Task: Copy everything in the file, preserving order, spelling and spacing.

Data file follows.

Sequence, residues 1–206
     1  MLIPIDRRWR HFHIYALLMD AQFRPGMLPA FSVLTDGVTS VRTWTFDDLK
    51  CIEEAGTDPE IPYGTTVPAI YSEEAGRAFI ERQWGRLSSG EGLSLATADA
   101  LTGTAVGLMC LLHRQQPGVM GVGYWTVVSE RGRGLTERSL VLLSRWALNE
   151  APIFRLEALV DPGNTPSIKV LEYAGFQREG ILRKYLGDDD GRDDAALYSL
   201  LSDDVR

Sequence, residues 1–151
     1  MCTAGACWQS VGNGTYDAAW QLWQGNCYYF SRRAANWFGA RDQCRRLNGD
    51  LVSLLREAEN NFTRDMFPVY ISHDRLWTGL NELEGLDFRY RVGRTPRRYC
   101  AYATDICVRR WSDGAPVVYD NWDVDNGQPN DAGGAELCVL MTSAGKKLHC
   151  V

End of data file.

Sequence, residues 1–206
     1  MLIPIDRRWR HFHIYALLMD AQFRPGMLPA FSVLTDGVTS VRTWTFDDLK
    51  CIEEAGTDPE IPYGTTVPAI YSEEAGRAFI ERQWGRLSSG EGLSLATADA
   101  LTGTAVGLMC LLHRQQPGVM GVGYWTVVSE RGRGLTERSL VLLSRWALNE
   151  APIFRLEALV DPGNTPSIKV LEYAGFQREG ILRKYLGDDD GRDDAALYSL
   201  LSDDVR

Sequence, residues 1–151
     1  MCTAGACWQS VGNGTYDAAW QLWQGNCYYF SRRAANWFGA RDQCRRLNGD
    51  LVSLLREAEN NFTRDMFPVY ISHDRLWTGL NELEGLDFRY RVGRTPRRYC
   101  AYATDICVRR WSDGAPVVYD NWDVDNGQPN DAGGAELCVL MTSAGKKLHC
   151  V